Robert Hayden was an American poet who was born on 4 August 1913 in Detroit, Michigan, USA and who died on 25 February 1980 in Ann Arbor, Michigan. Hayden was the first African-American writer ever to serve at the Library of Congress as a Consultant in Poetry. Apart from poetry, he is also known for his essays.
Hayden’s collections of poetry are Heart Shape in the Dust (1940), Figure of Time (1955), A Ballad of Remembrance (1962), Selected Poems (1966), Words in the Mourning Time (1970), The Night-Blooming Cereus (1972), Angels of Ascent: New and Selected Poems (1975), and American Journal (1978). Likewise, his Collected Prose was published posthumously in 1984.
‘Those Winter Sundays’ is one of Hayden’s most popular poems that talk about his traumatic childhood. His parents separated before his birth and he was brought up by foster parents. Hayden’s poor and troublesome family life during his childhood is vividly reflected by ‘Those Winter Sundays’. So, let’s get deeper into the poem through its summary, analysis, and theme in separate sections below.
Those Winter Sundays Summary
Robert Hayden’s ‘Those Winter Sundays’ is a memory poem in which the speaker talks about his past. Now, the speaker is a grown-up man who remembers his father’s love for him as a child and which he didn’t understand back then.
In Those Winter Sundays, the speaker reveals that his father got up early every day and made a fire. Then, he would call his son who would slowly rise and dress, fearing that chronic anger might burst in the house. Furthermore, the speaker’s father also polished the good shoes for his son.
Despite all these, no one ever thanked the father. Instead, everyone talked to him indifferently, not acknowledging the grand role he had in the house. The speaker of Those Winter Sundays also remembers the fact that his father’s hands were cracked and aching from weekday labor. Nevertheless, nobody ever knew what it took him to keep the family going.
Those Winter Sundays Analysis
Robert Hayden’s poem Those Winter Sundays has fourteen lines in total, and it has three stanzas. Both first and last stanzas are five-lined whereas the second stanza has only four lines. If we do a close-reading of the poem, we can see a painful story. Hence, let’s make an analysis of each stanza of Hayden’s poem Those Winter Sundays.
Sundays too my father got up early
and put his clothes on in the blueblack cold,
then with cracked hands that ached
from labor in the weekday weather made
banked fires ablaze. No one ever thanked him.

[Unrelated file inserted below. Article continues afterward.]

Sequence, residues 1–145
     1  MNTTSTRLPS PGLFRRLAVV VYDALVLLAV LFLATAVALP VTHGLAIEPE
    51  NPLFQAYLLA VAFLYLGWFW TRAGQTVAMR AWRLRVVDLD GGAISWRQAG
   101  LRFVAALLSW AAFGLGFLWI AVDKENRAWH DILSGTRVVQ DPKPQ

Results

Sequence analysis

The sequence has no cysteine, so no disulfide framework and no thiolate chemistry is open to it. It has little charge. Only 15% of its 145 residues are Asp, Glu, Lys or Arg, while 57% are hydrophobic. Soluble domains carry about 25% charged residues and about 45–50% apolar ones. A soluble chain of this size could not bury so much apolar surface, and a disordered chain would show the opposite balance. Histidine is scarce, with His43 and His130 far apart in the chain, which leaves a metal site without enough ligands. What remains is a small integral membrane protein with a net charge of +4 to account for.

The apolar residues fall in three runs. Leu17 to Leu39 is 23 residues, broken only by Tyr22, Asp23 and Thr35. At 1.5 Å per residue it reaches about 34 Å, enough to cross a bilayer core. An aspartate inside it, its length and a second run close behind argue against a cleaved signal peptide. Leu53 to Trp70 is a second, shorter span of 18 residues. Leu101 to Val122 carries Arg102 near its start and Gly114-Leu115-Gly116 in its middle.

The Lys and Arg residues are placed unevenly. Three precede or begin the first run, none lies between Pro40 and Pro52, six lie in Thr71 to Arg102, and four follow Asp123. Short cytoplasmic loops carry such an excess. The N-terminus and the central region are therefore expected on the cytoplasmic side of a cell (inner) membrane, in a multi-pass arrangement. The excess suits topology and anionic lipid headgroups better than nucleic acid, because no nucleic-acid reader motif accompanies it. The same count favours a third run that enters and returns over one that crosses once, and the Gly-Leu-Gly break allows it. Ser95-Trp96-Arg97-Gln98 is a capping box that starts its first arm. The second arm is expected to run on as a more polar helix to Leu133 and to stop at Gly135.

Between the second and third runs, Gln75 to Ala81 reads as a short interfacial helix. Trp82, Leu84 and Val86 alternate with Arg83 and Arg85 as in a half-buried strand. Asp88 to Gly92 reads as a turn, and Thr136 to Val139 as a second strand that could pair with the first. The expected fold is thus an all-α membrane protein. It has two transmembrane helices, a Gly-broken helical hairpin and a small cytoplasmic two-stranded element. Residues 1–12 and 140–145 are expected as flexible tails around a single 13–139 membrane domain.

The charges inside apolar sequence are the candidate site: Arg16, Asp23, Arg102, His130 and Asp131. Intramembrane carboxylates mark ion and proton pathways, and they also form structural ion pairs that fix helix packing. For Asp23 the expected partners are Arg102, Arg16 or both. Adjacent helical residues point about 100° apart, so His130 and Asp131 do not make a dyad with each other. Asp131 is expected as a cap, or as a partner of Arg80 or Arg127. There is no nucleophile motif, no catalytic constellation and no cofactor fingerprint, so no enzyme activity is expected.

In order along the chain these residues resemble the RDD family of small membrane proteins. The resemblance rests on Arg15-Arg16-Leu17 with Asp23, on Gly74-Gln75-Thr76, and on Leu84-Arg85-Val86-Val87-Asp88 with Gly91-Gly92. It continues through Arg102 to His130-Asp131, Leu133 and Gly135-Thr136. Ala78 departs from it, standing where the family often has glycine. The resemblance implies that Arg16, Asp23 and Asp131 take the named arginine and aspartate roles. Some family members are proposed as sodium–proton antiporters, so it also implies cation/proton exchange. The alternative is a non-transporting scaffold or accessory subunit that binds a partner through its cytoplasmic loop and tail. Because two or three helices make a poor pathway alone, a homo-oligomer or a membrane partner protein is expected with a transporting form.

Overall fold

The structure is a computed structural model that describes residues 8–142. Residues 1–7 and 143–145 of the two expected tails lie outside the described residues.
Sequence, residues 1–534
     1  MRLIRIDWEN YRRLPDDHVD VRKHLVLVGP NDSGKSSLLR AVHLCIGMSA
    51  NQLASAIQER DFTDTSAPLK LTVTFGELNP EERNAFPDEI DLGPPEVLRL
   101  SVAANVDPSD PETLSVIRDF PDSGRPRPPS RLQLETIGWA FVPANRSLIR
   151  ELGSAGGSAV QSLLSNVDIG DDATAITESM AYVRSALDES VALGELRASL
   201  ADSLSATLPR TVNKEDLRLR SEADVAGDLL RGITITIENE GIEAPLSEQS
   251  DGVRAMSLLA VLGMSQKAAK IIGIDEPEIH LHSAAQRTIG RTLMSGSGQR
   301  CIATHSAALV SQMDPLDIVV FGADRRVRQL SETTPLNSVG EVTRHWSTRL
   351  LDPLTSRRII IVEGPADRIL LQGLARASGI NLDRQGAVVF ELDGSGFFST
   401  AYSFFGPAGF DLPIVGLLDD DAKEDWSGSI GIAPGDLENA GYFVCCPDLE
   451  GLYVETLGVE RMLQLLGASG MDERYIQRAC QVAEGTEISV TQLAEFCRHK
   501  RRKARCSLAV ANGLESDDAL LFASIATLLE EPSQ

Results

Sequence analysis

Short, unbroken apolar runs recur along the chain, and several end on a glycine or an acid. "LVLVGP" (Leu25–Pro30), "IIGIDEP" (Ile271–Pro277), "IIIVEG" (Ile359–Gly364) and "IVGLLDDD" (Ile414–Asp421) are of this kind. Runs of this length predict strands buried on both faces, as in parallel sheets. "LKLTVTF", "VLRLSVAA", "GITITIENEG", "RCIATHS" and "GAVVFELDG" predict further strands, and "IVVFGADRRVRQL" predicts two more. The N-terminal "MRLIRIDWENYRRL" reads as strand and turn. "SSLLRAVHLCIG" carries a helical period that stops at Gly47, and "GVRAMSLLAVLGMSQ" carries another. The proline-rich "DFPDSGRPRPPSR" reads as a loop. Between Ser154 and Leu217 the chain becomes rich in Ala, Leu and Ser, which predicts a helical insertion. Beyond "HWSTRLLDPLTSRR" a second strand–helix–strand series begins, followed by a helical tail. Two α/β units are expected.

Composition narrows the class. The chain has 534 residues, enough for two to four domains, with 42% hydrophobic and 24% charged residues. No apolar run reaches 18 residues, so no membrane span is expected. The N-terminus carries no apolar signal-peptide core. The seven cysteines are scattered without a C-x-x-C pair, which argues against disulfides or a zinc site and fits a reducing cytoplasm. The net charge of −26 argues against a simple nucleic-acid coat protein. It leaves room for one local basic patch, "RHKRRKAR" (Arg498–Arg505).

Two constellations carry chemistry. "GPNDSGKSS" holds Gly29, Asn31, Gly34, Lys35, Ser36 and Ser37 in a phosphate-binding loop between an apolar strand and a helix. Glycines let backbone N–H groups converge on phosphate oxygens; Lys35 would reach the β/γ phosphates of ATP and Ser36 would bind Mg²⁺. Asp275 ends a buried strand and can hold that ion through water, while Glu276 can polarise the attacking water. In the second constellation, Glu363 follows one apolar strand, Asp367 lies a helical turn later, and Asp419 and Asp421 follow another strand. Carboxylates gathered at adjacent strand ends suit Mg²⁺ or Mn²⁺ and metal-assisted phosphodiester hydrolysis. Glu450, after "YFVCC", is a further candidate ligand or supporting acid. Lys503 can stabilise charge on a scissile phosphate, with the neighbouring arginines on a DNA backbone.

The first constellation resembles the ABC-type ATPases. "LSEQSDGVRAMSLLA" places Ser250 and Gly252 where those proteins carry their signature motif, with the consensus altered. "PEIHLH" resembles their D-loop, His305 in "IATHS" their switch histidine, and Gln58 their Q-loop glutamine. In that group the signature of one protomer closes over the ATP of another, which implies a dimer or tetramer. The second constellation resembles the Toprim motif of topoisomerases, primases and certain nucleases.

The first stanza of the poem Those Winter Sundays opens with the phrase ‘Sundays too’. So, why is the word ‘too’ after Sunday? Sunday is normally a rest day for the Western folks and they are supposed to sleep till late in the morning to get rid of the weeklong painful labor.
The synesthetic word ‘blueblack’ in the second line shows the time of dawn in the winter when the sky is bluish-black in color. It literally means early morning. We know that the speaker’s father works in a field which is reflected by his cracked and aching hands.
The last sentence of the first stanza gives a hint that there are more people than just the father and the son in the family. Had there been only the father-son duo, the speaker would have said ‘I never thanked him’ but he says ‘No one ever thanked him’.
I’d wake and hear the cold splintering, breaking.
When the rooms were warm, he’d call,
and slowly I would rise and dress,
fearing the chronic angers of that house,
The trio of ‘cold’, ‘splintering’ and ‘breaking’ reflect the environment inside the family. Since it is the winter, they might as well mean the breaking of icicles. ‘When the rooms were warm’ might mean when his father was happy. Only when his father was overjoyed, the speaker would be called to him.
Yet another word ‘slowly’ shows the fact that he is aware of the wrong family environment. On one hand, ‘the chronic fits of the anger of that house’ means the father’s anger toward him. On the other hand, it also might mean that there are other members of the family who are jealous of the love the speaker gets from his father.
Speaking indifferently to him,
who had driven out the cold
and polished my good shoes as well.
What did I know, what did I know
of love’s austere and lonely offices?
We already knew everyone spoke to the father indifferently and they also never thanked him for his sacrifice. In a literal sense, the speaker’s father drove out the cold by making a fire. It might also connote that he fulfilled the needs of the family and made peace with them.
We cannot say that shoes always mean the literal shoes that we wear. ‘polished my good shoes as well’ might actually mean that his father made the speaker able to walk and live independently.
In the last two lines of the poem, Those Winter Sundays, the speaker regrets that he could not understand the love his father gave him. He says ‘What did I know’ twice which means he is emphasizing his remorse for knowing the truth late. Despite being hard to him, the speaker realizes that his father always meant the best for his son.
Those Winter Sundays Theme
There are multiple themes of Robert Hayden’s poem Those Winter Sundays. It has the themes of memory, family, love, regret, poverty and more.